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PS = Pam Stevenson - Agave Productions
SG = Sam Goddard
PS (Interviewer): What was going on, you know, back here in Arizona, uh, you were governor in '64 to '66, uh, and a lot of that was happening; what was happening with the newspapers here? What was their position on all this?
SG (S. Goddard): Well, Gene Pulliam who ran the newspapers here and in Indiana in, Indianapolis I think, uh, a very strong personality and uh, in my first run, which was against Fannin, uh, uh, we didn't have a very happy time with the newspapers and with Mr. Pulliam. But then I decided to heck with that , I'll go into the fortress and beard the man himself. So I did. And we (laughs) became pretty good friends.
Uh, he was a very old, fashioned, uh, strong newspaper guy. And he would not hesitate to contradict one of his own editorial writers in teh back end of the paper -- an editorial on one side and Pulliam on the front page saying it's all wrong. He did that. It's hard to believe, but he did. And apparently his newspaperswere so strong that they could withstand that kind of -- as a matter of fact I think the readers enjoyed it. Uh, they were much stronger, uh, in, in their opinions in those days than they are now.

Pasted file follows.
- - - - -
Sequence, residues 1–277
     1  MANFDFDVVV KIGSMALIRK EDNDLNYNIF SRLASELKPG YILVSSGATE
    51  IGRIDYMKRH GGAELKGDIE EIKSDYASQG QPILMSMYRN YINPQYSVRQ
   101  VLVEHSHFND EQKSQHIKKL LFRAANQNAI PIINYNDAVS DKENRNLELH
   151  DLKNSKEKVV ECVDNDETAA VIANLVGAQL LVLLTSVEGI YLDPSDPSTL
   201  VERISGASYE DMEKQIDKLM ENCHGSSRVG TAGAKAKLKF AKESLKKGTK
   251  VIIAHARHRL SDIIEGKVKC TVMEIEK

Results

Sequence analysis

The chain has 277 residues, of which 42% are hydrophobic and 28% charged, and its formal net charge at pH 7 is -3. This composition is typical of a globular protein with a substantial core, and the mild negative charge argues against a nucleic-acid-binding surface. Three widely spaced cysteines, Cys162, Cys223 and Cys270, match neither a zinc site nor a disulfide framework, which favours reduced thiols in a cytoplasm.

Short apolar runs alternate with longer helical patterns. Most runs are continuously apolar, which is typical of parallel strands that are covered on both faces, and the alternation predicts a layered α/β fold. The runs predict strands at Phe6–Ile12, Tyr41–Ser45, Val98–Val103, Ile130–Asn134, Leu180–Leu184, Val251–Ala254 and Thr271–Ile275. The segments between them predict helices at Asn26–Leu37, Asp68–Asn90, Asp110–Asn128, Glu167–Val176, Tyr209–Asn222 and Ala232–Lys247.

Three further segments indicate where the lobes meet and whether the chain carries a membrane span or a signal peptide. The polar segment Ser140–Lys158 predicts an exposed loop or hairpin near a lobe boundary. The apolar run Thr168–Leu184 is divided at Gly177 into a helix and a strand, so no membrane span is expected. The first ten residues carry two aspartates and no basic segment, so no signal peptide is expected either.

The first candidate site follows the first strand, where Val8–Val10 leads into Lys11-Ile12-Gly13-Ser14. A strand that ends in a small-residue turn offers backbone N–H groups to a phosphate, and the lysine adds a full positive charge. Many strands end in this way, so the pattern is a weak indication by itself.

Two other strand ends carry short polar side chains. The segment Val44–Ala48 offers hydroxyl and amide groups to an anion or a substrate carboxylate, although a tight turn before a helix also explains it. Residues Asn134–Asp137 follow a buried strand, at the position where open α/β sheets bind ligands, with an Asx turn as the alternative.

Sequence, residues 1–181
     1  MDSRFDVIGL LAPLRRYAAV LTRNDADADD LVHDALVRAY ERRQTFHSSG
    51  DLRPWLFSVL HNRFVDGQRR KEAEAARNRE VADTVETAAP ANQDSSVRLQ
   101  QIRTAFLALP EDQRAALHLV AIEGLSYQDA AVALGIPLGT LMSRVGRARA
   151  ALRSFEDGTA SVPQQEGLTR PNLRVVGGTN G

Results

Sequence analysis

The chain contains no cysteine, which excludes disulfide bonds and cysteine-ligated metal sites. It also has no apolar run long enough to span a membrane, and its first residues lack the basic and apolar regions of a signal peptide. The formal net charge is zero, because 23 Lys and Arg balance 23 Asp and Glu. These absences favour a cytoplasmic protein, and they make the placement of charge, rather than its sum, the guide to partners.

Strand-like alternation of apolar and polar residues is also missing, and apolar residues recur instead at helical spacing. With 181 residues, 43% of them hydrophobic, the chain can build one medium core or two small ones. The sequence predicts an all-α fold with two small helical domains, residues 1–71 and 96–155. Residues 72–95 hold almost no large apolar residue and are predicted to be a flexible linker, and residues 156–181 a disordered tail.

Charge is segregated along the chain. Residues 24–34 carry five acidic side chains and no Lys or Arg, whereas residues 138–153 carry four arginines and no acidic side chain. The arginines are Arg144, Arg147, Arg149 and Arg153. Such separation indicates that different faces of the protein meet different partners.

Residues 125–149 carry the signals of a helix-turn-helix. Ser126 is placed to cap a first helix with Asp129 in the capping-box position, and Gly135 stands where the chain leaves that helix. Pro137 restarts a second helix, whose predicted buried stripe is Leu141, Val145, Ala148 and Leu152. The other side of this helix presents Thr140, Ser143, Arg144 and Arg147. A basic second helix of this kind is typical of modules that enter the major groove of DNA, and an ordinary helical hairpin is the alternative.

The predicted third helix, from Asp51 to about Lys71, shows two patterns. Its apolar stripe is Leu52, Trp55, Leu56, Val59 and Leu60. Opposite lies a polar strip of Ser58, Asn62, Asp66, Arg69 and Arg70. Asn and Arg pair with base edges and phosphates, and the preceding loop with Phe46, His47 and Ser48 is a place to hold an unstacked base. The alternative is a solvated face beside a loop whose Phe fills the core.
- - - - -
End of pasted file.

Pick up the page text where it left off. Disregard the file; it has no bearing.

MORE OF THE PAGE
And, uh, Gene Pulliam, was a very, I, I, I went up to talk to him and, uh, I said, 'Mr. Pulliam, I'm, I'm, uh, afraid that I have been, uh, recalcitrant about coming to see you.' And he said, 'You damned right you were.' He said, 'you should have come up to me the first day you started running.' And, uh, or words to that effect. And, uh, from then on, uh, we got along pretty well, although we differed on a lot of things. But, uh, that didn't bother him. What bothered him was that, uh, there was a politician, a young politician in the state and, uh, was not, you know, coming to see him and advertising, uh, whatever it was they wanted at that point. But we got along very well after that.